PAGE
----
Around dusk on that evening, a column was seen heading up the Le Quesnoy road, and an officer then appeared in French uniform, and speaking in French he announced that a large body of French troops were approaching, and added that he had come in advance to alert the 600 or so Coldstream Guards so that they did not fire on their allies by mistake. Sadly, it was a cruel trick as shortly afterwards, the column duly appeared, singing French songs and those at the front wearing French and Belgian uniforms.
But at the back were German troops, and they opened heavy fire on the Coldstream Guards, with Archer being struck by a shell as he and his men defended an important bridge. Archer never recovered from the awful wounds he sustained and was one of three Guardsmen to be killed in the initial skirmish. A further eighteen were wounded, whereas around 500 of the French and German troops were killed, and a further 2,000 wounded.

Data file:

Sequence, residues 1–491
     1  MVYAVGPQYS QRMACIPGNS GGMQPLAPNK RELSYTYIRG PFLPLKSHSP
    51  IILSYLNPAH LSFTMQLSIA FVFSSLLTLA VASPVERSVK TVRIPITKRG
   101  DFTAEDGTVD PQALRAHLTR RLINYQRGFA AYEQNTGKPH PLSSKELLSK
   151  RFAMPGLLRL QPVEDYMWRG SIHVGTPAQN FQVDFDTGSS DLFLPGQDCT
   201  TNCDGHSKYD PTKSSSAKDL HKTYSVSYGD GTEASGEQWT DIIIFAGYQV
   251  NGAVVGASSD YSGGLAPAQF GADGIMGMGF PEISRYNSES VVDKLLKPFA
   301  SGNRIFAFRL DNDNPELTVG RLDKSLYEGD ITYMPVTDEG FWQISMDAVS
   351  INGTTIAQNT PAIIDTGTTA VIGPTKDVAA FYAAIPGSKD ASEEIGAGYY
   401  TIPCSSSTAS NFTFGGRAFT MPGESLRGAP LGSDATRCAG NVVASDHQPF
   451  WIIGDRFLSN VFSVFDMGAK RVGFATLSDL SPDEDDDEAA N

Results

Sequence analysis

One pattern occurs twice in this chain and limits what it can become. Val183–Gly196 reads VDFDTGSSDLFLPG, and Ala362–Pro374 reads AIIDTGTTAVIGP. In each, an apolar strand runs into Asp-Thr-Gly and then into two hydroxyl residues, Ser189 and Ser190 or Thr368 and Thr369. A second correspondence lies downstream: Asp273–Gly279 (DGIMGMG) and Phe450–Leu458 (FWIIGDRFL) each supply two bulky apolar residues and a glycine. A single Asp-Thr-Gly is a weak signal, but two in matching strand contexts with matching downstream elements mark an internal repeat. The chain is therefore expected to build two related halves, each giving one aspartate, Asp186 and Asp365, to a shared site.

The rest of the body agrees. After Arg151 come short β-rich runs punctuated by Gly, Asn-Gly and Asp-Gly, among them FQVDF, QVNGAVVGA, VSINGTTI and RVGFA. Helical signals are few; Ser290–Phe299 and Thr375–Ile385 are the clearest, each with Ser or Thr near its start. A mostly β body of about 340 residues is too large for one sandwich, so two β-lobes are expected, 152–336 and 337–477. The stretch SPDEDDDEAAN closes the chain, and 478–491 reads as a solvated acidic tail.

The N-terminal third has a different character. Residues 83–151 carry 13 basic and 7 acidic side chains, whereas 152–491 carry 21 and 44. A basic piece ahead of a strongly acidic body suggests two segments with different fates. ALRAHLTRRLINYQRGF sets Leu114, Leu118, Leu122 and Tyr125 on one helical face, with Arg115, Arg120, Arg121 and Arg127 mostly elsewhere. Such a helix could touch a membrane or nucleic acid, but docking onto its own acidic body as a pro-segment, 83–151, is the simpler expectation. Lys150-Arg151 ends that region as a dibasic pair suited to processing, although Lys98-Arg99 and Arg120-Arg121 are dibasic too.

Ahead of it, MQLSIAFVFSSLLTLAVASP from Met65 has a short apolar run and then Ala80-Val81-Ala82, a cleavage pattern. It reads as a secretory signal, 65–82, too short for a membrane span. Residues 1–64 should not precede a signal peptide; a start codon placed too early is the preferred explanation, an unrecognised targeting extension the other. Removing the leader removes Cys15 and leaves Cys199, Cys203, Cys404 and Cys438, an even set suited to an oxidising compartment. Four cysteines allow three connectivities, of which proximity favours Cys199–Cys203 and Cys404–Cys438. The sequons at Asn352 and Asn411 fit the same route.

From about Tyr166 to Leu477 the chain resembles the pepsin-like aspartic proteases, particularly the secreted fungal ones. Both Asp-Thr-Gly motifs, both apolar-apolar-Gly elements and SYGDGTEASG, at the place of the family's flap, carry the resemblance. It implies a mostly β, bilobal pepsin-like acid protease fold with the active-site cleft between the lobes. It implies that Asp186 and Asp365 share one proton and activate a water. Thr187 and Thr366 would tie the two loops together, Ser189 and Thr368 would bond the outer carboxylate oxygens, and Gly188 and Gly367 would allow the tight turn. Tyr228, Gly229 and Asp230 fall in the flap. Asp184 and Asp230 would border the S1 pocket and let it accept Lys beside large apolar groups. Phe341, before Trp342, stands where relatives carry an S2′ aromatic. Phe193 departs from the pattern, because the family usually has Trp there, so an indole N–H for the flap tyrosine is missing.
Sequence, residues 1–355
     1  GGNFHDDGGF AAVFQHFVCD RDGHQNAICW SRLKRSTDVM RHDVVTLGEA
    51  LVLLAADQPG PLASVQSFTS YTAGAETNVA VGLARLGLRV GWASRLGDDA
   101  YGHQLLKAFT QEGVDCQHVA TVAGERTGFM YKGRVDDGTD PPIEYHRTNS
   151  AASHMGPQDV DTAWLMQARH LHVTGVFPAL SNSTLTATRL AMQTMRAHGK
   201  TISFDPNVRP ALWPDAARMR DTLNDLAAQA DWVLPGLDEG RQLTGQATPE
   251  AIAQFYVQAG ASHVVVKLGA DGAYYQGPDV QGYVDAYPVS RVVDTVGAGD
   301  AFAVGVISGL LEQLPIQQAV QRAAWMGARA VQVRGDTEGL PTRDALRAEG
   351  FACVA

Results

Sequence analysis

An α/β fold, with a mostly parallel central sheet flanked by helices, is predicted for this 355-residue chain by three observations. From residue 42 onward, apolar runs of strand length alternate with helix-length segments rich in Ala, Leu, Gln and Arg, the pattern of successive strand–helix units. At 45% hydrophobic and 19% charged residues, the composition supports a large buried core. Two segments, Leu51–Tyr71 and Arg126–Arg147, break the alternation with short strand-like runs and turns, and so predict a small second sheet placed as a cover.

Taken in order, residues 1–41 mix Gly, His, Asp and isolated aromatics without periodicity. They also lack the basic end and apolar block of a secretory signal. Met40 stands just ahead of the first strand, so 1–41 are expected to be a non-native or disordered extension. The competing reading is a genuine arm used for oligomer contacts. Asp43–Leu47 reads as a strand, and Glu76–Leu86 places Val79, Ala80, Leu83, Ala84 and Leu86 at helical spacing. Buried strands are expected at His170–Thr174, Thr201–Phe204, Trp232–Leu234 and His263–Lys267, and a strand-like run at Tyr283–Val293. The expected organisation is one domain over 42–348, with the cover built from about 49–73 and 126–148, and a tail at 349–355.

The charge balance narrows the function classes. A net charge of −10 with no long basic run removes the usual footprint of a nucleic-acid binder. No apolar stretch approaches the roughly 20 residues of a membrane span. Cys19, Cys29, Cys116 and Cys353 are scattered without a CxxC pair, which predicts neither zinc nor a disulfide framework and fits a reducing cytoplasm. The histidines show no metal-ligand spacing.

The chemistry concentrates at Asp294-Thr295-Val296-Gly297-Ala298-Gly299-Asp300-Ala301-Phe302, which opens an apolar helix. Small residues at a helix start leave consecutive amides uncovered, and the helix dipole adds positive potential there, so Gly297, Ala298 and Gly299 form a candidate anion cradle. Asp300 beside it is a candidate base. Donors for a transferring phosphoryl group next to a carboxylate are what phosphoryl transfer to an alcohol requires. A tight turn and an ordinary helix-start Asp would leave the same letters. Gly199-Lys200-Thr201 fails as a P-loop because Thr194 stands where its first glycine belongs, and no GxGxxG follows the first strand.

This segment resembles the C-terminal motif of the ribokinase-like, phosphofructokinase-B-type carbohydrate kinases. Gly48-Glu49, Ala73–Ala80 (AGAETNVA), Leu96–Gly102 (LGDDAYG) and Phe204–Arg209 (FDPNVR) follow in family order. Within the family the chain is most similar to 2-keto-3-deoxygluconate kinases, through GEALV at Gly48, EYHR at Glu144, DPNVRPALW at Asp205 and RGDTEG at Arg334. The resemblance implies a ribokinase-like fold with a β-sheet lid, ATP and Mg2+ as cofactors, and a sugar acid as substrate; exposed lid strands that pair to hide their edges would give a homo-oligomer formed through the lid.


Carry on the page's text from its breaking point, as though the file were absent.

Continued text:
News of the death of the popular and much admired young gentlemen came as a huge shock to the residents of St. Fagans, and his many friends in both Cardiff and London. The Earl was mortified by the news of his death Three weeks later, the Earl chaired a packed public meeting held in the Queen’s Hall, London, attended mainly by members of the London Welsh as well as by David Lloyd George.